The other night on the Frotcast, we played clips from a Swedish television show that had us cackling harder than just about anything else that’s ever made us cackle really hard like jackasses. So many people asked me about it that I thought I’d explain. Long story short, the clips came from a Swedish sketch comedy show called Grotesco, and the clip in question was from a sketch called “The Trial,” which you can watch below. It’s a full-length parody of a southern court show (think In the Heat of the Night or Matlock) performed entirely in semi-mock English that has the characters spouting lines like:
“I gibba-la-gibb the Microsoft Word to district attorney Poland Barker.”
“Thank you, your onion. Ladies gentleman and uh extras on the curby.”
“Why are we here today? Why aren’t we at home with our mammals watching razeball?”
The Swedish actors of course all know English and the mistranslations are kind of the point, and that makes it even better, or at least, more brilliant. It’s some of the most high-level absurdist humor I’ve ever seen. The closest analogy I can think of is that it’s kind of for us what “Bee Man” on The Simpsons must be for Mexicans — a parody of us in a parody of our language. Except a lot more brilliant. And with more blackface. SCUZE ME, YOUR ONIONS, JUST MAKIN’ SHITCHAT.
“They say a man can walk a thousand miles and still don’t know his butt from behind. Well I say a man can walk two yards and find the crown la-crue, and that’s a fruit.”
The entire thing is insanely quotable, but some of my favorite lines included:
“I ain’t talkin’ to you, Billy Bob! I’m talkin’ to this here Danny Glover.” [2:10]
“Mr. Lumbert! Do you wear a night gown?” “Well right now I don’t but sometimes I do!” [3:32]
And of course:
“Erection, Your Onion! He’s bonding with the wit knees!” [3:59]
Even if they had the same idea, I don’t think a native speaker would be able to produce gibberish this glorious. I’m sure the Grotesco guys all know English as well as most Americans, but I think it takes a certain cognitive distance from the material where you can still hear the words as sounds divorced from their meanings to produce nonsense this lovely. Someone who spoke English as a first language could write something like this, but I think we’d be going for the huge laugh turns of phrase the whole time, like “sh*thouse lumberjack”, without putting the time in on the less overt stuff, and it’d feel contrived. And no one likes contrived gibberish, not even kangaroos. Click on for part 2.
Some of my favorites from this one:
“Gentlemen? If you don’t mind, I’m gonna take my snap.” [1:03]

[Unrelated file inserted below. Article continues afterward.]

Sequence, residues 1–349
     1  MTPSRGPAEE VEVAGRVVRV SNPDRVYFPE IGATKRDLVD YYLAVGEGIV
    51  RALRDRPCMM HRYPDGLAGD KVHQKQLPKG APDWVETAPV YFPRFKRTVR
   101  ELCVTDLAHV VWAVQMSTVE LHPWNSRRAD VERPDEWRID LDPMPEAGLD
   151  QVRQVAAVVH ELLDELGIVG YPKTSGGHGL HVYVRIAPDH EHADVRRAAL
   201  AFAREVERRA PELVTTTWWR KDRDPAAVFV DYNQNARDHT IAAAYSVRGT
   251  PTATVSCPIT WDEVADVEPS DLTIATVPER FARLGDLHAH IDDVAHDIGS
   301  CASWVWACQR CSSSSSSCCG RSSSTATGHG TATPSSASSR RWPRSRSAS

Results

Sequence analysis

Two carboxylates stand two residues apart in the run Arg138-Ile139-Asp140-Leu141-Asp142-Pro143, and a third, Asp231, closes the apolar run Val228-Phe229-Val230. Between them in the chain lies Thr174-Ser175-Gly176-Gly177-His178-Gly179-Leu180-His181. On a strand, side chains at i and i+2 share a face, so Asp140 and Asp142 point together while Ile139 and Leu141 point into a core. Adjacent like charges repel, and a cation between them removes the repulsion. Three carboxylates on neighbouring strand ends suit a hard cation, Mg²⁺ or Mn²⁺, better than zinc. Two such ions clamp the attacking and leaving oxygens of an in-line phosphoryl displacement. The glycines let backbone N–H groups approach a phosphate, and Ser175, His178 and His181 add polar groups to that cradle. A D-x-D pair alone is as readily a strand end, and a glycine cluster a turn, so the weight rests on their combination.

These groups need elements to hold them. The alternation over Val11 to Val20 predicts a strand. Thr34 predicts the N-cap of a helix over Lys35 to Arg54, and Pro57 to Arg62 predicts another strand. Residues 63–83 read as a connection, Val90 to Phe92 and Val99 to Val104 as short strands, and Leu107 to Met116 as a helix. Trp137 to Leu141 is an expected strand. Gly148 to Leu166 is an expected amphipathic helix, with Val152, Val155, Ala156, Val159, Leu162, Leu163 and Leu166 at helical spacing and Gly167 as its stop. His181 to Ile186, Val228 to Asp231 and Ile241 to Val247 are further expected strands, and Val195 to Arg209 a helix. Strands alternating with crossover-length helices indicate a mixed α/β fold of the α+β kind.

“Are you ready to make your final stains?” “Yes, we are, Your Onion.” (*farts*) [1:45]
“Mr. Barker, you forked this district attorney’s orifice, connect?”[2:28]
“Doesn’t it? Or does it in fact prove that the band stand of the men bran has taken the stand, of Mr. Poland Barker, Judge Rainal Carvil, Sh*thouse Lumberjack…” [4:00]
“No furry restions.” [5:23]
“We find the defendant, Not Filthy.”
I know I shouldn’t be as amused by gibberish as I am, but I’m pretty sure I could watch 10 straight hours of this.
Additional Trivia: Henrik Dorsin, the actor who plays Attorney Hackencrack, is set to play the Gervais/Carell role on the Swedish adaptation of The Office.
Next, it’s a short parody of Seinfeld.
“A food court is not a place for kangaroos! Think about it.”
Unfortunately, that seems to be about all we’ve got for gibberish-English parodies. They have a few other sketches with English parts, but as far as I can tell, no other ones with gibberishized English. And that is a shame. Grotesco’s other claim to fame is performing at the 2009 Eurovision song contest, with Micheal Lindgren playing a Sacha Cohen-esque, Croatian-Russian techno DJ called “DJ Trexx.” A Google-translated wiki page describes the event thusly:
This was followed by a performance by a Russian remix of Tinker Bell (Russian Bass Lovers Remix) with several Russian clichés, such as an army corps, Russian dolls, kosackdansare and Tetris , the Hymn to the Soviet Union and Korobejniki (Tetris melody) woven into it. The text contained fictional Russian-sounding phrases like “Do svidanija Putin,” which means “goodbye Putin “and” Na zdorovje Lenin “which means” bowl Lenin “.
“Bowl Lenin?” YOU TAKE THAT BACK!
Finale Tingaliin prompted protests by Anatoly Kargapolov at the Russian embassy in Stockholm , who said “It is inconceivable to us that Sweden can show such ignorance and distorted picture of Russia”. “The portrayal is disgusting.” The statement was made in an interview with newspaper The Local . The following days highlighted the controversy in television news, radio broadcasts and evening and morgonpress.
Melodifestivalen Project Manager Ronnie Lans Minister later apologized and sent flowers to the embassy, but the Swedish Television withdrew the apology.
That sounds like it would be awesome if I understood half of what was going on. Especially the part about Swedish Television rescinding their apology. Officially rescinding an official apology is a pretty gangster move. Tiger Woods should’ve done that. “If I’ve bought one thing with that $500 million I paid in alimony, it’s honesty, so guess what, I’m not sorry I banged all those sluts.”
Here’s a short clip of DJ Trexx. I know nothing of Croatians. Still kinda funny.
Here’s another one in English, called “Marines.” Unfortunately, it doesn’t have as much gibberish English and isn’t quite as funny. It does, however, have some more aggressive blackface and a Michelle Rodriguez-esque character named “Fajita,” which I enjoyed.
There’s another, less-funny Grotesco clip about learning English here, but that’s more or less it for sketches non-Swedes would understand.
Are you Swedish? Do you know more about Grotesco than me, or where we can find more gibberish sketches? If so, please email us. I need more Swedish gibberish English in my life.